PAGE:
Fitch warns on China’s 'back door' debt

23 Feb 17

Ratings agency Fitch has warned of the risk posed by China’s high local public debt issued through a back door route.


To get around borrowing caps, local governments in China are able to borrow heavily through state-owned investment companies known as Local Government Funding Vehicles (LGFVs).

The quasi-fiscal spending channelled through LGFVs has played a key role in infrastructure investment and growth promotion, but doesn’t appear on the balance sheet of local authorities despite the fact that, in some cases, it is implicitly guaranteed by them.

A boom in LGFVs borrowing in the aftermath of the financial crisis helped fuel a massive credit expansion in China – in 2015 it was nearly four times greater than GDP growth – prompting concern among observers.

In 2014, China issued a policy that it was thought would limit off-budget debt. It enabled local governments to issue municipal bonds, and established a debt swap programme to convert LGFV debt into them.

Around $2tn of LGFV debt was recognised by the government in 2015, with $3.2tn converted into bonds by the end of that year.

However, Fitch noted that LGFV debt has been resurging since. Reuters estimated in September 2016 that LGFVs debt had hit $106bn – already up 72% on 2015.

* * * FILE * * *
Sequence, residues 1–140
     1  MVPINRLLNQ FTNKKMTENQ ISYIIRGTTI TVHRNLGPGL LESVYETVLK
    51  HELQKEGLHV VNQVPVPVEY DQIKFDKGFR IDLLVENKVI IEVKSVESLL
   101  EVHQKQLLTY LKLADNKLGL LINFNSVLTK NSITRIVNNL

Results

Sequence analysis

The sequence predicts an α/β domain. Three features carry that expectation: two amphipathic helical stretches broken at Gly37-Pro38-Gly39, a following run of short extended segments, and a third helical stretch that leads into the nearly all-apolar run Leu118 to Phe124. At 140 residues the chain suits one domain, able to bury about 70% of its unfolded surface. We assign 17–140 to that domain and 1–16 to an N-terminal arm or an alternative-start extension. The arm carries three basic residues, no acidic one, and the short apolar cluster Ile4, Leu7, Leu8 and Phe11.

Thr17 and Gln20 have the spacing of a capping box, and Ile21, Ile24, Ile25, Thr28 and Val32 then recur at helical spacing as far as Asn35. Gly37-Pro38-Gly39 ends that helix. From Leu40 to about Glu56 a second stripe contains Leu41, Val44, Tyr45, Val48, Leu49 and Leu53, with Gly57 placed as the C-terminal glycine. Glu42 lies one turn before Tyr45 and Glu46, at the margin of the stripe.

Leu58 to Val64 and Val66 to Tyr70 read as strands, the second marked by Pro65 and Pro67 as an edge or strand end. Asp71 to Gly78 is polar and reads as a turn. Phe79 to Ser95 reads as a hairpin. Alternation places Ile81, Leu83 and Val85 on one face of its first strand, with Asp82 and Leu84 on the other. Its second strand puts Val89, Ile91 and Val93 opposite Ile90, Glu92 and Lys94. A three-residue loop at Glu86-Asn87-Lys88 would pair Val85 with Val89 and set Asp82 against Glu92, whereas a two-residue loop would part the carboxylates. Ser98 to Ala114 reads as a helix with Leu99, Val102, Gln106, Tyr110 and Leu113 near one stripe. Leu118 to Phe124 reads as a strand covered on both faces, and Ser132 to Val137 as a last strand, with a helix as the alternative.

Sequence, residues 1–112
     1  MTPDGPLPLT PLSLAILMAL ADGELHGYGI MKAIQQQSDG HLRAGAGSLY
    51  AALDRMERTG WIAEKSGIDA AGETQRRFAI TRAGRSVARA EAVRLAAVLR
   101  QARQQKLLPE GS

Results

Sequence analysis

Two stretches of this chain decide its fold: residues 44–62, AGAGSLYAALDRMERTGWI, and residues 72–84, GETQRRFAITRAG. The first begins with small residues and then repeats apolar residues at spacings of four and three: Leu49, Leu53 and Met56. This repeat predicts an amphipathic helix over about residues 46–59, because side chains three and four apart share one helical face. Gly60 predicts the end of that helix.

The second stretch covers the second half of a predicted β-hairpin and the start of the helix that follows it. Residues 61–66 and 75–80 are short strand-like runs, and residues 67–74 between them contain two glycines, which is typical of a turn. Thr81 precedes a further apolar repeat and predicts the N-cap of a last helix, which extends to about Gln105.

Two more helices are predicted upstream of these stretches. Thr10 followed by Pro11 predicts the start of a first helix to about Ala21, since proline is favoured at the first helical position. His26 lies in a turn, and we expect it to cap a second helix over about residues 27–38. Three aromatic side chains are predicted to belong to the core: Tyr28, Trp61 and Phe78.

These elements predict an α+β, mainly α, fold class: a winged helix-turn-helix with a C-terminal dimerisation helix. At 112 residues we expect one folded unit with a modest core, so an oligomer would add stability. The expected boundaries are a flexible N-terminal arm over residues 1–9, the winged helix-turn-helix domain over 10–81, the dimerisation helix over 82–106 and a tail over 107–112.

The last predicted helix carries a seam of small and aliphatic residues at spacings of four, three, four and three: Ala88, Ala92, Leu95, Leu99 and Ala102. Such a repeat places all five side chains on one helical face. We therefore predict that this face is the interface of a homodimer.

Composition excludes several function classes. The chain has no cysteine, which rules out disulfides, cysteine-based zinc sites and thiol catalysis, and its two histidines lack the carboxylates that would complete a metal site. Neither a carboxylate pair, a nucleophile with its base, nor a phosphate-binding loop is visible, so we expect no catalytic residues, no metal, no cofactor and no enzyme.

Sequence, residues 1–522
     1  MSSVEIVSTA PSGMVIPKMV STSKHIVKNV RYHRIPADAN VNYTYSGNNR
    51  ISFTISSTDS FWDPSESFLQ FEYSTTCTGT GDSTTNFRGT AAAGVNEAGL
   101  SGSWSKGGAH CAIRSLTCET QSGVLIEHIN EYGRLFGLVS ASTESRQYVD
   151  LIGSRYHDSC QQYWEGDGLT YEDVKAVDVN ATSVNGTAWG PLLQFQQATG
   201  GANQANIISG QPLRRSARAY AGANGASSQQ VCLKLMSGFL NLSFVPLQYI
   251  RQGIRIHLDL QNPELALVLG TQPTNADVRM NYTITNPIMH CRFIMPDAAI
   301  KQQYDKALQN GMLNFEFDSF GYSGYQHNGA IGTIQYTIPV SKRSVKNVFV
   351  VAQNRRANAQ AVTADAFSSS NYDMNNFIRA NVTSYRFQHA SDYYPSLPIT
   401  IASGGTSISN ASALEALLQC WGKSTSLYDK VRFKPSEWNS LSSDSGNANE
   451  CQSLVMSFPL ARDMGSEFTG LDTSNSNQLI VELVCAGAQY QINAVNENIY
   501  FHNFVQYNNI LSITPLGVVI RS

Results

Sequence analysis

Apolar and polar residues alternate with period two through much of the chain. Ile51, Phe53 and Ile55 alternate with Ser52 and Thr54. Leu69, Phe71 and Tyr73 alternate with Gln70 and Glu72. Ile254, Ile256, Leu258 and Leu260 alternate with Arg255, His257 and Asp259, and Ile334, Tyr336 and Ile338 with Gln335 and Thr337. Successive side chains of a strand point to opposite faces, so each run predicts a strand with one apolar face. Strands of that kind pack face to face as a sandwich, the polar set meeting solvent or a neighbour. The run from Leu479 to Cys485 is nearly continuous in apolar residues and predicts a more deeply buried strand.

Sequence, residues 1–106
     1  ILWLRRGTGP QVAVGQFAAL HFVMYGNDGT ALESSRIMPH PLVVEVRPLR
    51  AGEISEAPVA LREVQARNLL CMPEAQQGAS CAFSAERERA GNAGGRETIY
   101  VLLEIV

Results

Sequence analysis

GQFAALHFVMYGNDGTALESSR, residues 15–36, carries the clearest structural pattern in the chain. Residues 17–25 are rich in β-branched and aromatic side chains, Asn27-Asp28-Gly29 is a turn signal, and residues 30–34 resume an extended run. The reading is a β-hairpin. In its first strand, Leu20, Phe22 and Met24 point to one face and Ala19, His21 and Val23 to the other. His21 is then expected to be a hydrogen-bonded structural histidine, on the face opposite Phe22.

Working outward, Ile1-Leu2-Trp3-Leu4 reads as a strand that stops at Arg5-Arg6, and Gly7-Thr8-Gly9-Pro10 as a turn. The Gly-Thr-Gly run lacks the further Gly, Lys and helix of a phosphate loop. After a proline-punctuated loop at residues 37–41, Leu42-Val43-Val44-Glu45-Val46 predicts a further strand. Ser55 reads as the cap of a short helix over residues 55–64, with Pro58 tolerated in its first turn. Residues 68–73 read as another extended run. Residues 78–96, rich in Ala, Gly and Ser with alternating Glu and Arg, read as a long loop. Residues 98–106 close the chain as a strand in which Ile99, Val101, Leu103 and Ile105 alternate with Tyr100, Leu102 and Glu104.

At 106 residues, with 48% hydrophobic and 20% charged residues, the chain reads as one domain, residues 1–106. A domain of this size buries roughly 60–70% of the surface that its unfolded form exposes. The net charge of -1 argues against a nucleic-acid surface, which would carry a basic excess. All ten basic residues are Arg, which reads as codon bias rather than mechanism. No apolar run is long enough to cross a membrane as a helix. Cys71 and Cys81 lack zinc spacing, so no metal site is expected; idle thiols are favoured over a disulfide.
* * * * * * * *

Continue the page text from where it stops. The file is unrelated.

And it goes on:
“Local governments do not guarantee their LGFVs’ debt, but in most cases it is clear the LGFVs’ debt service relies on financial support from local governments,” Fitch said. “This dependency calls for prudent risk aggregation.”

Another recent note by Fitch highlighted that public-private partnerships are likely to be the main financing model for Chinese local governments’ infrastructure investments in the years until 2020.

It noted however that state-owned enterprises (SOEs), rather than the private sector, are emerging as the main partner for local governments. While the private sector sniffs at the typical return on PPPs (5-8%), SOEs enjoy lower financing costs and so find them sufficient.

While Fitch said the longer lifecycles of PPP funding models could help “smooth out” local government budgets, it noted they would not help to reduce debt.

“Local governments’ contractual obligations to procure the service or subsidise projects are still considered public debt,” it stated.

Did you enjoy this article?

Related articles

Have your say


CIPFA latest

Most popular

Most commented

Events & webinars